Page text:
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Coping with long-distance parenting

By July 23, 2014December 8th, 2022No Comments

We live in a highly mobile society.  The exact number of South Africans living abroad is not known, but has been estimated recently at about 1.5 million.  Many of us have grown-up children who have made a life for themselves abroad.  Even parents whose children live in another province believe that they might as well be living in Timbuktu, given the fact that they see them infrequently.

Does this situation sound familiar to you?  Do you find yourself envying the parents whose children, their spouses and their grandchildren live down the road, and family dinners, braais and the celebration of all milestones is an absolute given?  The effect on parents who are left behind can be dramatic and devastating.  The loss is tantamount to bereavement.   Not everyone is lucky enough to be able to afford the long-haul trips, the local flights and maybe don’t even have the time or the health to be in a position to make regular visits.   It’s a hard pill to swallow for those who are left behind.  Even if you do have sufficient resources to visit your family regularly, it’s just not the same as having them live down the road.

Lyn’s youngest son has relocated to New Zealand from Johannesburg.  Her initial reaction when she heard he was moving to New Zealand was one of happiness that he was experiencing his independence at last, although she felt sick to the stomach with the thought of not being able to spend quality time with him on a regular basis.  Since he left, Lyn has experienced many emotions that come with the “Empty Nest Syndrome” – feelings of abject loss, total helplessness at times, an absolute numbing fear that she can’t get to him quickly if he gets sick or is involved in an accident.   Christmas, Easter and birthdays are the most difficult for Lyn and her family.  However, with all negatives, come positives – Lyn believes that her son has matured in leaps and bounds, and he realizes the importance of family now, more than ever before.

Jill has two sons living in the UK.  She admits that she battles to see her friends surrounded by their family and the adoration and the involvement they have for/in their grandchildren.  Jill’s emotions are mixed with extreme sadness and fear for their emotional and physical well-being , as well as immense pride that they have become successfully independent.  Having always had a very close relationship with her sons, she naturally wants to be on hand to give guidance and emotional support through their hard times and be involved in their day-to-day lives.  She has realized that albeit from a distance, and with the help of technology, she has, in fact, been able to ‘be there’ for them, albeit remotely, and “it’s wonderful that they still come to Ma for advice!”.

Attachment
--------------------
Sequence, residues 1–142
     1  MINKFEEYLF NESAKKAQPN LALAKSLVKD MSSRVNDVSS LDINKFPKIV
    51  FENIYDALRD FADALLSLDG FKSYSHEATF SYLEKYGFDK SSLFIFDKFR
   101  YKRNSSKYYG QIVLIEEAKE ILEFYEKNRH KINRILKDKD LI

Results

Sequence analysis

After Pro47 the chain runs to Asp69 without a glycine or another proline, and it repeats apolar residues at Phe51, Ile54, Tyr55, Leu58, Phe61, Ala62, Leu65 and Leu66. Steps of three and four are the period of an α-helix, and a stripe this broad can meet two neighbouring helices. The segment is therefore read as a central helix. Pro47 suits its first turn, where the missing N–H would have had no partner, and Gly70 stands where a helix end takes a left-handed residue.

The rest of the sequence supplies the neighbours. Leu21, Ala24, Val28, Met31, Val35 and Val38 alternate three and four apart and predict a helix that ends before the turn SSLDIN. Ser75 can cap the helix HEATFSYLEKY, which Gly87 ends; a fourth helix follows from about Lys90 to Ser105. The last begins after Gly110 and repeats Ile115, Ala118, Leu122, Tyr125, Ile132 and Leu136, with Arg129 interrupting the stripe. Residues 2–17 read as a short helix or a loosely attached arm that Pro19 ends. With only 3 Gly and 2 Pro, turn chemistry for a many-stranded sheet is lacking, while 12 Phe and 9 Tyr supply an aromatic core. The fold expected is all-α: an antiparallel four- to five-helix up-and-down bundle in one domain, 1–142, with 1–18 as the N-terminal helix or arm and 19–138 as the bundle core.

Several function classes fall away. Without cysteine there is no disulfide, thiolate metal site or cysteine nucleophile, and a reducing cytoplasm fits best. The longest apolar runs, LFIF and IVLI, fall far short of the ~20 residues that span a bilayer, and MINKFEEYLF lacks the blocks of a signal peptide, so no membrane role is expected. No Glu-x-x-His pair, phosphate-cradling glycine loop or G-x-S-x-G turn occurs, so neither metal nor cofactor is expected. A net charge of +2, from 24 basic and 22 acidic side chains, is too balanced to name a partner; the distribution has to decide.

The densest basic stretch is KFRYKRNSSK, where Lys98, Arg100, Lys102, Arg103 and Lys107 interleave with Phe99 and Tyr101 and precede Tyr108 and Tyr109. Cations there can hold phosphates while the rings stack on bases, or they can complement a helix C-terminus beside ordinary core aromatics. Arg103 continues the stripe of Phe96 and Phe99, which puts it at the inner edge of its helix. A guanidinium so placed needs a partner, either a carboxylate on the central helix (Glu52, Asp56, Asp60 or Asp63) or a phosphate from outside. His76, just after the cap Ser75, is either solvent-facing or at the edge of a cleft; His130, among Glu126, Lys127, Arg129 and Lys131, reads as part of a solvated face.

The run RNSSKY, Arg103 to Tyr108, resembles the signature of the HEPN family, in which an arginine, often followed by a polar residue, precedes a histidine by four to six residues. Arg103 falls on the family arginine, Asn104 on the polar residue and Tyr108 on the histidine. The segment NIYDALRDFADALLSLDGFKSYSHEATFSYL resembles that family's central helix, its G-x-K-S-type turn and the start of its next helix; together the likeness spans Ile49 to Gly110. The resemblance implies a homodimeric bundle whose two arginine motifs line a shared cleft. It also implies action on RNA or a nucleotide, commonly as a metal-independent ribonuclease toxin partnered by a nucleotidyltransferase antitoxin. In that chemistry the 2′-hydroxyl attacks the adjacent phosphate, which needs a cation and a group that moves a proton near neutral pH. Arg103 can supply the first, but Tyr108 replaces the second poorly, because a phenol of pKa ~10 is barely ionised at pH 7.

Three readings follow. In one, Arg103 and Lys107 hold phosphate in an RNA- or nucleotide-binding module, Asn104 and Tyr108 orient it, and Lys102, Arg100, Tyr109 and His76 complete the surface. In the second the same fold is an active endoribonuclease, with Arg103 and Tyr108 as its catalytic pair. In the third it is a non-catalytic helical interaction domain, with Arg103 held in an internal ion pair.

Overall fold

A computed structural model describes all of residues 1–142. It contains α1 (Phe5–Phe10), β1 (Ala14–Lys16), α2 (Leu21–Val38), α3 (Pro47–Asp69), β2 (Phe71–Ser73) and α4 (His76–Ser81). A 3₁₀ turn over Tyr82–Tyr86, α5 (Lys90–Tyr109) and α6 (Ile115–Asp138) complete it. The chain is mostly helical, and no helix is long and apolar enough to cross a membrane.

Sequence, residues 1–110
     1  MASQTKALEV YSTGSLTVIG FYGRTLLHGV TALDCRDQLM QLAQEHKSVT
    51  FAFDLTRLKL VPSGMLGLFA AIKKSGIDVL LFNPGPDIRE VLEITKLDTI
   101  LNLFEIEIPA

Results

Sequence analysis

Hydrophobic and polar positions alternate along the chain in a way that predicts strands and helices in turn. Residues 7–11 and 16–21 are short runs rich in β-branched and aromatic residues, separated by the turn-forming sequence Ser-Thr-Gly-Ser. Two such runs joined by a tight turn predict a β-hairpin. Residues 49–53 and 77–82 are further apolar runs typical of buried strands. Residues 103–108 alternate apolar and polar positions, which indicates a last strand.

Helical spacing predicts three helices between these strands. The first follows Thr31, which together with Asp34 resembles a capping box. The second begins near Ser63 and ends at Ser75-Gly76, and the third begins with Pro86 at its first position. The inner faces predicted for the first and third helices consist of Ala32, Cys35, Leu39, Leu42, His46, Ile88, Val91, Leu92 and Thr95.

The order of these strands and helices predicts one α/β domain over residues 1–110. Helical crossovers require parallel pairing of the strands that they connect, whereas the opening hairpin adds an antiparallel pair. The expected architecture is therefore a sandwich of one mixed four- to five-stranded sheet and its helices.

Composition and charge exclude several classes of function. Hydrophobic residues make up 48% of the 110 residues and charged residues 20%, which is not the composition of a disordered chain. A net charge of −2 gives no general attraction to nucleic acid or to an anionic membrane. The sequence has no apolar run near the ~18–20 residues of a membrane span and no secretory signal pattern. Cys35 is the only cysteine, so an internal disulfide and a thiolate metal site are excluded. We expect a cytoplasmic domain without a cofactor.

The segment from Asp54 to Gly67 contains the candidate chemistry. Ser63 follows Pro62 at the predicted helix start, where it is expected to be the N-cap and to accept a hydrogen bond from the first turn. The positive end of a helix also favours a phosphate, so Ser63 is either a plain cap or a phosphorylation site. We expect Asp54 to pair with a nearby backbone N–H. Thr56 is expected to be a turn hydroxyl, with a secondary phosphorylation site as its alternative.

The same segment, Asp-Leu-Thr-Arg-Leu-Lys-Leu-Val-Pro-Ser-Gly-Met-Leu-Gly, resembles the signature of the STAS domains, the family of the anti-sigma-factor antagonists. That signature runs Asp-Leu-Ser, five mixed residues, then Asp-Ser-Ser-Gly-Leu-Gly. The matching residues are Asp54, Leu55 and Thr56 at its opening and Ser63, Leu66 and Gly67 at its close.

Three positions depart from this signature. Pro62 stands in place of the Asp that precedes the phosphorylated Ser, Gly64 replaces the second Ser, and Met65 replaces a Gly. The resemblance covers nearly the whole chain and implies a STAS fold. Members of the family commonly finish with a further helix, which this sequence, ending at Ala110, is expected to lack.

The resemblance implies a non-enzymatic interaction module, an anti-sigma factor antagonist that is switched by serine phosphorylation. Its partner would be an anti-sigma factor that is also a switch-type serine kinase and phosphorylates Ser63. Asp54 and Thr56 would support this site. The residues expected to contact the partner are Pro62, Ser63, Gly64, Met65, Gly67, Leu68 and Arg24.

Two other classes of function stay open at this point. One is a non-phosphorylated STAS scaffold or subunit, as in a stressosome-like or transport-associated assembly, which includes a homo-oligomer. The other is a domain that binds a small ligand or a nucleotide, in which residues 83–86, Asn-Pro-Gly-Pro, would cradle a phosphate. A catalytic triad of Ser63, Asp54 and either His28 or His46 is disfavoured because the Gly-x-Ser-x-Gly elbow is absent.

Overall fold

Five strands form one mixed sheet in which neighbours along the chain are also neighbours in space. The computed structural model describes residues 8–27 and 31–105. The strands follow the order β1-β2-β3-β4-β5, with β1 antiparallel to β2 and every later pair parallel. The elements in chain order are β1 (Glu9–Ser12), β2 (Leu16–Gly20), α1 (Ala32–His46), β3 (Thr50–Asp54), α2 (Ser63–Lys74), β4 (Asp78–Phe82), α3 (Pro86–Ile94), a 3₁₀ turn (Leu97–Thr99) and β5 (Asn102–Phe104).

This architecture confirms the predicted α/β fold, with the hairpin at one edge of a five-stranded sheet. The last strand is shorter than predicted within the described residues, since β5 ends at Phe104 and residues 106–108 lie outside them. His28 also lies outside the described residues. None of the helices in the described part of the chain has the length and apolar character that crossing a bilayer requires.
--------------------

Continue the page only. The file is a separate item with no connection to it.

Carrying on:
YEI recently went to a seminar titled Living Oceans Apart.   All of Lyn’s and Jill’s emotions described above, and more, were expressed by the folk who attended the seminar.   In a practical way, Living Oceans Apart offered hope and encouragement, while dealing with this reality of children, family and friends living so far away.  Delme Linscott is a Minister in the Methodist Church, and he has taken the time to reflect on this huge issue, and now gives Living Oceans Apart seminars around the country on this deeply emotional and fearful subject.  He has also published an encouraging and hopeful book that has assisted many people in this country to deal with this difficult time in their lives.

In his book, Delme shares a few stories from men and women who are dealing, on a daily basis, with similar emotions to Lyn.  A widow shares her story of personal struggle:  “I have been widowed twice and have lost various family and friends over the years – all of them much loved.  However, as no stranger to bereavement, I can state, without doubt, that I find the fact that my daughters are so far away much harder to bear than any loss through death.  I think that one comes to terms with death, and eventually makes a new life without the one who has died.  However, knowing that my loved ones are still around, but not here, is more painful to me”.

Some of the solutions that Delme suggests are:

  • Form a support group exclusively for parents whose children live abroad or in another province.  There is healing and encouragement when a group get together to share stores in an informal way.
  • Organise get-togethers or outings on the major holidays – Christmas, Easter, Mother’s Day etc.   And if you are in a position where you can entertain in your home, consider inviting folk who may be on their own, due to their families being abroad.
  • Become a mentor or surrogate parent to young people in your community who may be desperate for love.

If you would like to find out more about the Living Oceans Apart seminars, or you would like to order the book, please contact:  Delme Linscott,  email:

Are you in this situation?  Do you have advice or comfort to offer other YEI readers?

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